Biography of Helen Keller

One of the most inspiring deaf or deafblind women is Helen Keller (1880–1968). She learned to communicate and became a noted author, lecturer, and political activist.

Helen Keller Reading Braille
Bettmann Archive / Getty Images

Early Years

Helen Keller was born June 27, 1880, in Tuscumbia, Alabama. Her birthplace is a museum today. An unidentified illness took her hearing and sight when she was only 19 months old. After losing both, her family was not able to communicate with her or teach her effectively. They viewed her behavior as wild and uncontrollable.

Anne Sullivan became Helen Keller's teacher in 1887, working in a role that today is known as an intervenor. Helen finally learned that things have names when Sullivan had the famous "water" breakthrough, fingerspelling "water" into Helen's hand while pumping water over Helen's hand for her to feel.

After that breakthrough, there was no stopping Helen Keller. She went on to attend a school for the blind and other schools. She learned how to talk and lipread with her fingers. She attended Radcliffe College with tuition paid by a benefactor, Standard Oil magnate Henry Huttleston Rogers. She graduated from Radcliffe College in 1904 at the age of 24 with a Bachelor of Arts degree.

Personal Life

Helen Keller never lived independently (unlike today where many deafblind people live independently). She always lived with either Anne Sullivan (and for a few years, Anne Sullivan's husband as well) or Polly Thompson, who joined the household in the 1930s and stayed on after Sullivan passed away in 1936. Among the many things that Helen Keller was famous for saying was her statement that deafness was a "greater affliction" than blindness. Helen Keller passed away on June 1, 1968.

Helen Keller was a noted advocate for people with disabilities. She traveled to over 40 countries, accompanied by Annie Sullivan. She met with every U.S. president serving during her adult life and was awarded the Presidential Medal of Freedom by President Lyndon B. Johnson in 1964.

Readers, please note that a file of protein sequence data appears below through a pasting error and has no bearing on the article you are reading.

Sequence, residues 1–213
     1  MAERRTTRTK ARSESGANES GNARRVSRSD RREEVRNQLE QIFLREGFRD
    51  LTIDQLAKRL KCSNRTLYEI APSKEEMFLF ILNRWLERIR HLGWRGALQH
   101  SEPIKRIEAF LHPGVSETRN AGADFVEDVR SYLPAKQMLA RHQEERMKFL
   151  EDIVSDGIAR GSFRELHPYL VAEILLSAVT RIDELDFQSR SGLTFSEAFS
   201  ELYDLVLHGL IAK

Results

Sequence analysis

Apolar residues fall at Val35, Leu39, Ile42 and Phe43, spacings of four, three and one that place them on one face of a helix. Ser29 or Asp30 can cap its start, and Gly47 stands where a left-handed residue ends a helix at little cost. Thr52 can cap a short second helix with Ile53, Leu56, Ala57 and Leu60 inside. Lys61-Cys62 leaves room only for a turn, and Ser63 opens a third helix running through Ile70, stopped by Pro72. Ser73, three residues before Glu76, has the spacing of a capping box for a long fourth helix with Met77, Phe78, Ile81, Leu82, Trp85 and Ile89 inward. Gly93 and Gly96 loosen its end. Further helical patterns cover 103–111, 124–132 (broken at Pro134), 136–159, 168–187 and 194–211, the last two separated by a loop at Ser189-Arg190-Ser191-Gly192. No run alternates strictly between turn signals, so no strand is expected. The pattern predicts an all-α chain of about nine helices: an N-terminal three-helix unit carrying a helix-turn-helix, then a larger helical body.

Keller espoused socialist causes, joining the Industrial Workers of the World and the Socialist Party and campaigning for them. She helped found the American Civil Liberties Union.


Helen wrote movingly about her own life, in books that remain in print:

  • "The Story of My Life" 1903: Keller writes of her life up to age 21. It was written while she was in college
  • "The World I Live In" 1908: Keller follows up her autobiography with more details of life as a deafblind person.
  • "Light in My Darkness" 1927: This is her spiritual autobiography which shows that she followed the teachings of Emanuel Swedenborg.
  • "Teacher: Anne Sullivan Macy"

Keller not only wrote about her own life but was a prolific writer on other topics. Many of her writings are preserved online by the American Foundation for the Blind (AFB), with which she was closely affiliated.

Children's Books About Helen Keller

Helen Keller has been the subject of many books, particularly children's books. The image of a little girl discovering language through the spelling of the word "w-a-t-e-r" into her hand is fascinating for children. These books can be inspirational for children who are deaf or blind. They also can help any child appreciate overcoming communication difficulties. Here are some of them:

  • "A Girl Named Helen Keller"
  • "A Picture Book of Helen Keller"
  • "Helen Keller: Courage in the Dark"

Adult Books About Helen Keller

Many books for adult books have been about Helen Keller as well, some of which focus on her relationship with Anne Sullivan.

  • "Helen and Teacher: The Story of Helen Keller and Anne Sullivan Macy"
  • "Helen Keller: A Life"

Movies About Helen Keller

Helen's story was dramatized in the play "The Miracle Worker," and transformed into both the big and small screens.

  • The original 1962 movie featured Anne Bancroft and Patty Duke.
  • A televised remake of "The Miracle Worker" in 1979 starred Melissa Gilbert.
  • Yet another remake, in 2000, starred Hallie Kate Eisenberg. The Described and Captioned Captioned Media Program has the Disney version of "The Miracle Worker."


As part of Helen's legacy, her name has been adopted by two organizations focused on the needs of the blind and deafblind:

2 Sources
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  1. American Civil Liberties Union.

  2. American Foundation for the Blind. Helen Keller: Our Champion.

By Jamie Berke
 Jamie Berke is a deafness and hard of hearing expert.